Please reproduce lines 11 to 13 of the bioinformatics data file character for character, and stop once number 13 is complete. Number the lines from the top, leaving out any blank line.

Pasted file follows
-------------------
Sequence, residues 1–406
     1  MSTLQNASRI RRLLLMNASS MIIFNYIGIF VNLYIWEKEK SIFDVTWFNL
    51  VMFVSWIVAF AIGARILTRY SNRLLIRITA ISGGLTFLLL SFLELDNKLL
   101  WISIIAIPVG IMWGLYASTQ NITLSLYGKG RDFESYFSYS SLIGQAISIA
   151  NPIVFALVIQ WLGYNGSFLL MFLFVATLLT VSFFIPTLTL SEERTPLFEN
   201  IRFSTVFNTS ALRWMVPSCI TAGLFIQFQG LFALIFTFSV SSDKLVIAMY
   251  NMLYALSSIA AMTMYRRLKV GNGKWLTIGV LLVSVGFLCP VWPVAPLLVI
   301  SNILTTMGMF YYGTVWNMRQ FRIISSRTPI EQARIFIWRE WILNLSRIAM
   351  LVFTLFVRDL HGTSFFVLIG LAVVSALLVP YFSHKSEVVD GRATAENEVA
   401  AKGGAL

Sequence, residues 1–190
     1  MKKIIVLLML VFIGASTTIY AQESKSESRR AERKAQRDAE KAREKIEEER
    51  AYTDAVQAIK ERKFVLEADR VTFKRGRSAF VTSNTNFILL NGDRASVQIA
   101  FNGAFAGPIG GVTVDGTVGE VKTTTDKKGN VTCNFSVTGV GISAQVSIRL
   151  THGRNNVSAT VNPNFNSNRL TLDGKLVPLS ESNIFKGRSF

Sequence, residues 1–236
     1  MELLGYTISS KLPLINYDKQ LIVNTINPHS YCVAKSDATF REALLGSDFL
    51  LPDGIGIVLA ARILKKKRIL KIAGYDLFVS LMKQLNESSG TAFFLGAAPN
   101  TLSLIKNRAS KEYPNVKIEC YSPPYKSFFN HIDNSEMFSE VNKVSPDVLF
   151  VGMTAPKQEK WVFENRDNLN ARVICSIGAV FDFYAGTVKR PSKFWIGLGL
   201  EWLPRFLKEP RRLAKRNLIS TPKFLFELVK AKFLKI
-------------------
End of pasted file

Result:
Sequence, residues 1–190
     1  MKKIIVLLML VFIGASTTIY AQESKSESRR AERKAQRDAE KAREKIEEER
    51  AYTDAVQAIK ERKFVLEADR VTFKRGRSAF VTSNTNFILL NGDRASVQIA